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Dog Days (A PopEntertainment.com Movie Review)

Dog Days

DOG DAYS (2018)

Starring Nina Dobrev, Vanessa Hudgens, Adam Pally, Eva Longoria, Rob Corddry, Tone Bell, Jon Bass, Michael Cassidy, Thomas Lennon, Tig Notaro, Finn Wolfhard, Ron Cephas Jones, Ryan Hansen, Jessica St. Clair, Jasmine Cephas Jones, Elizabeth Phoenix Caro, Jon Bass, Lauren Lapkus, Jessica Lowe, John Gemberling, Mo Gaffney and David Wain.

Screenplay by Elissa Matsueda and Erica Oyama.

Directed by Ken Marino.

Distributed by LD Entertainment. 112 minutes. Rated PG.

I can almost see the cram session which led to the making of Dog Days. “People love romantic comedies,” said some Hollywood suit. His co-creator pointed out that people also love dogs. Suddenly, a light bulb goes off over their heads, violins swell to a crescendo in the background and they both look awestruck. “You know what would be even more lovable?” they ask in unison. “How about a family-friendly romantic comedy about attractive young dog owners?” History is made. Fade to black.

If only Dog Days was worthy of such excitement. It is sweet, cute, and light as a feather. It is perfectly fine for what it is – which is essentially a Garry Marshall ensemble full-length sit-com with a whole lot of furry little friends. Not to say that Dog Days is as bad as Valentines Day, or New Years Eve. It’s actually often quite charming company if you don’t think about it too much.

Because, in many ways, Dog Days is like a real canine. It’s playful, single-minded, assertive, a little rambunctious, sweet, and just dying for your affection. It gets to the point that the movie pretty much jumps on you and licks your face so that you can luxuriate in its cuteness. It’s also just a little bit dumb.

Now, there is nothing wrong with a story that wants nothing but to be loved. In fact, it is rather nice in a movie world which has so much darkness and violence.

I just wish Dog Days was a bit better as a movie. Then it may deserve this wanted devotion. As it is, Dog Days is like watching someone else’s misbehaving mutt. It’s adorable for a while, but soon it starts to bug you a bit. Eventually you’re ready for it to leave. When it does, you never think of it again.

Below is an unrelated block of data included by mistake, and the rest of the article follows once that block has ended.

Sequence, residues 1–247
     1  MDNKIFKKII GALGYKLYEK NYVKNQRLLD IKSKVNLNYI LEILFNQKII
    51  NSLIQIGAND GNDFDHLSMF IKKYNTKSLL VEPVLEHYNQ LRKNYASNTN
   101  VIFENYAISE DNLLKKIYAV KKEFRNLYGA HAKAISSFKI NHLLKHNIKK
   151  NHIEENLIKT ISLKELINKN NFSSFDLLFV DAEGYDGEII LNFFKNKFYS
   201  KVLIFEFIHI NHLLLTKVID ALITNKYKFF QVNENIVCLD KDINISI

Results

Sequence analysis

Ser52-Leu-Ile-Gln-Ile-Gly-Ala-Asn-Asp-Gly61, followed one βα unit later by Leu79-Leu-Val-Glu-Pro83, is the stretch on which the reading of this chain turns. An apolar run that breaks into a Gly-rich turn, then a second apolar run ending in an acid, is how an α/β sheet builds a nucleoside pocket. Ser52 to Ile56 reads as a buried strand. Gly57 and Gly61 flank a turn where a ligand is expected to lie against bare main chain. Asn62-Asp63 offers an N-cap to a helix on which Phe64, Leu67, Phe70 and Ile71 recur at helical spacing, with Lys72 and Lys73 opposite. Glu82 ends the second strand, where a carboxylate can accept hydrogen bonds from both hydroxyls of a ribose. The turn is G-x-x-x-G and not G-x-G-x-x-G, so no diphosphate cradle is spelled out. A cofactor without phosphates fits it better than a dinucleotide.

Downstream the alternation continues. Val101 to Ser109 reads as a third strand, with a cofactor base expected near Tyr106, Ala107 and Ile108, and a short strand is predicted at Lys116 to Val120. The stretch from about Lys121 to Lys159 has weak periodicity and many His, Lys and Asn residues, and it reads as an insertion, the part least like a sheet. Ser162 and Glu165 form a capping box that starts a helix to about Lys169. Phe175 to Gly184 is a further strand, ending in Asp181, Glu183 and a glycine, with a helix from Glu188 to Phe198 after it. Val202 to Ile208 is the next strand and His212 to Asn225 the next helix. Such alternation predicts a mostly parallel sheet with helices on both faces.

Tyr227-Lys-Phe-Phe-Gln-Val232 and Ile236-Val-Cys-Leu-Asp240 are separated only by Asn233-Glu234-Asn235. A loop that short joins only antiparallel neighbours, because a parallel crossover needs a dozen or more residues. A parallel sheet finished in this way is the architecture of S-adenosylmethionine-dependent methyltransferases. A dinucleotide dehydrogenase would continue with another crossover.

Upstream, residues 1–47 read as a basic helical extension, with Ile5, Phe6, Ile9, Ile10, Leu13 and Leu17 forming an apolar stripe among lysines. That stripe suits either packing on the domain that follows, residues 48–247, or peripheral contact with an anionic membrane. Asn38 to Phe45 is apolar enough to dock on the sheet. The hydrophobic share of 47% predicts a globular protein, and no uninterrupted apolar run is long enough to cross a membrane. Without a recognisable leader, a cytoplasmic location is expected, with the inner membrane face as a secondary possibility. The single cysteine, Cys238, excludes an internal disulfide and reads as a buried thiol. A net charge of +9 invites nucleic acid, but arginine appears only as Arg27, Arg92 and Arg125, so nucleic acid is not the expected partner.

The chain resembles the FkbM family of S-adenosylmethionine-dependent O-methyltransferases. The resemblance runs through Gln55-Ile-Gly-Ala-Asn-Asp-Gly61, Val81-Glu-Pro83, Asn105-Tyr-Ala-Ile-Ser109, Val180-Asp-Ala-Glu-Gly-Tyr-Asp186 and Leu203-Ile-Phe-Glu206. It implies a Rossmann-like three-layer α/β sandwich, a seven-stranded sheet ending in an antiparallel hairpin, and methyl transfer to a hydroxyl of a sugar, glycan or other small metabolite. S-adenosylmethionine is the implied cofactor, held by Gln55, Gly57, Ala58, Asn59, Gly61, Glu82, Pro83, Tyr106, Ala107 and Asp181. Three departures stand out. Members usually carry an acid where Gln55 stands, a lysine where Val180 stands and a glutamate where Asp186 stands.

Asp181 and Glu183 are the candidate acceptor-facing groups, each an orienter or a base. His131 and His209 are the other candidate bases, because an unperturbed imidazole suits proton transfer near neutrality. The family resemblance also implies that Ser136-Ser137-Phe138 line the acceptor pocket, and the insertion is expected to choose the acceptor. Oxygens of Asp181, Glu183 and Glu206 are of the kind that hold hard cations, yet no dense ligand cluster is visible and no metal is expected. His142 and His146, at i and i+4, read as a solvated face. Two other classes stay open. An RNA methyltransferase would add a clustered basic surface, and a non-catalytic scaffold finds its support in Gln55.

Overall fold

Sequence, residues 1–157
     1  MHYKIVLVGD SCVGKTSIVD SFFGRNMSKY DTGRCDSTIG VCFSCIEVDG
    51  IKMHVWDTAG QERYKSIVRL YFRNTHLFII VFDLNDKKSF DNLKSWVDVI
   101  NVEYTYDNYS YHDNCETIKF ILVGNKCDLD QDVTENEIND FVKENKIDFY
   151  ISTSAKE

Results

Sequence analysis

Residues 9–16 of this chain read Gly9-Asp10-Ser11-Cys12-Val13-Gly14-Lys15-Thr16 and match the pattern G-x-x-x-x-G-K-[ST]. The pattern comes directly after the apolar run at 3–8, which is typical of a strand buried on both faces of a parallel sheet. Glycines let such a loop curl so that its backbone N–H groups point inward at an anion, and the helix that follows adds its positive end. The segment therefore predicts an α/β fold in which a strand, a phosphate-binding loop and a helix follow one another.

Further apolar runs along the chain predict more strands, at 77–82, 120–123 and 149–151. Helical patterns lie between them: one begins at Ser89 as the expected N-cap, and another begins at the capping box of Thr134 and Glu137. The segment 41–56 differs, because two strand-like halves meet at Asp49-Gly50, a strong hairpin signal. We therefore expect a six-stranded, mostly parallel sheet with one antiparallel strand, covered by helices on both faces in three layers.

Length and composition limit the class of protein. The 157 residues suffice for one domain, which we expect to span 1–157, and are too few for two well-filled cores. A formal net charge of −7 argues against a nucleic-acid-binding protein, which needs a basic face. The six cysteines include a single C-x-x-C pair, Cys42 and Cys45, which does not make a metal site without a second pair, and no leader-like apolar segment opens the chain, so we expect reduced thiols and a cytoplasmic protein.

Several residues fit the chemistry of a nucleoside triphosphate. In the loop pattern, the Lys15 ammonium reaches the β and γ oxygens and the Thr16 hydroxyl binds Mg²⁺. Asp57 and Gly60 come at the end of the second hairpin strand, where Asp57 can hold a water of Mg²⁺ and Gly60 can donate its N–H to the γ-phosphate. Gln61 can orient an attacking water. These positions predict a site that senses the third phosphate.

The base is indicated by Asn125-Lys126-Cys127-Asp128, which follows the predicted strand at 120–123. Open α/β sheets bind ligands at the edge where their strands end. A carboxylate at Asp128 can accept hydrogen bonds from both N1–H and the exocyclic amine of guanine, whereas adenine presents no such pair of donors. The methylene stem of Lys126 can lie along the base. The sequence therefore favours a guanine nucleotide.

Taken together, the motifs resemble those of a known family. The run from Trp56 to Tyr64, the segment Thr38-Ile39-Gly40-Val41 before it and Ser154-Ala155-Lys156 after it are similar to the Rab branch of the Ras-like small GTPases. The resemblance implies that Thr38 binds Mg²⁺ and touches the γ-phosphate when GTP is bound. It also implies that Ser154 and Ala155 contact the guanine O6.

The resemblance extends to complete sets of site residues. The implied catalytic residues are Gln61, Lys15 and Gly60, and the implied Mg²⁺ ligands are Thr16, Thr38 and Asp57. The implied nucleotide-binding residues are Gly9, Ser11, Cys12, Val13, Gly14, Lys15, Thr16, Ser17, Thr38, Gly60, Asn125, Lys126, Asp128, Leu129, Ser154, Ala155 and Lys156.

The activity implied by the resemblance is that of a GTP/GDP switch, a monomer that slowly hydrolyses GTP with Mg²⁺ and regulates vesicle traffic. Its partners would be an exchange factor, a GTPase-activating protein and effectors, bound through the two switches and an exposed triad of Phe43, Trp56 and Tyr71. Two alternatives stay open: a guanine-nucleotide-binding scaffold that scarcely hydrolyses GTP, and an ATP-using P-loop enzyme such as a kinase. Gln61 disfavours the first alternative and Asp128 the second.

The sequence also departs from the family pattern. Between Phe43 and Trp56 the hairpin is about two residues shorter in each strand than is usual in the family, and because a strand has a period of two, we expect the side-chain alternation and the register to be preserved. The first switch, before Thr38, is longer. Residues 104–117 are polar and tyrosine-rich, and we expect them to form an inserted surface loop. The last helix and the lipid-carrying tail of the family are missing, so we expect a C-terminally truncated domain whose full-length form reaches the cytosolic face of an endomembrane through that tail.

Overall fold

So, the main cast of characters in Dog Days (and their owners) are as follow:

There is Elizabeth (Nina Dobrev), the cute host of an LA morning show. Her television perkiness belies the angst and insecurity that rules her life. Things are thrown in a tizzy when she is partnered up by former athlete Jimmy (Tone Bell). They annoy each other so much that you know they will eventually fall in love. Besides, their dogs Sammy and Brandy love each other, so they’ve got to be a match, right?

Then there is Tara (Vanessa Hudgens), the adorable barista at a hip coffee shop who has been crushing on the hot veterarian (Michael Cassidy) who works across the street. She finds her in to get to know him when she finds a tiny stray chihuahua named Gertrude (because Tara loves Gertrude Stein – yeah, right). She can’t take the dog home because her apartment building won’t let her keep a dog. Beyond getting to know the hot doc better, she also gets to know the nerdy guy who owns the local non-kill shelter (Jon Bass), who coincidentally has been awkwardly crushing on her for months.

Also in Tara’s apartment building is Dax (Adam Pally), who has been having to sneak his sister’s hound Charlie into the building to care for him while his overwrought sister is giving birth to twins. Dax plays in and manages a band that specializes in ironic alt-rock covers of cheesy pop hits – including Right Said Fred’s “I’m Too Sexy,” New Kids on the Block’s “You Got It (The Right Stuff),” The Baha Men’s “Who Let the Dogs Out?” and, oddly, the relatively-respected quiet storm jam “Sweet Love” by Anita Baker. He seems to have a bit of a crush on the lead singer (Jasmine Cephas Jones), whose character is not supposed to be related – as far as I can tell – to the character played by her real-life father Ron Cephas Jones.

That character is an aging widower and former UCLA English professor who has become a curmudgeonly shut in since the death of his wife. The only thing he loves is his wife’s beloved mutt Mabel. When a local teen pizza delivery guy (Finn Wolfhard) teasing him leads to Mabel getting lost, the two guiltily scour the city looking for the missing dog. Little do they know that Mabel ends up living with the kid’s teacher (Rob Corddry) and his wife (Eva Longoria), who have just adopted a little girl and the dog was the first thing that opened the kid up to living at home.

There are more people and dogs who romp in and out of the storyline, making variable splashes before puttering off. Honestly, most of the characters in general are a little one-dimensional – only Cephas Jones’ aging professor really makes an emotional connection with the audience.

But, still, there are lots of cute puppies and cute people that make Dog Days a mostly painless experience, if not exactly a profound one.

Jay S. Jacobs

Copyright ©2018 PopEntertainment.com. All rights reserved. Posted: November 19, 2018.

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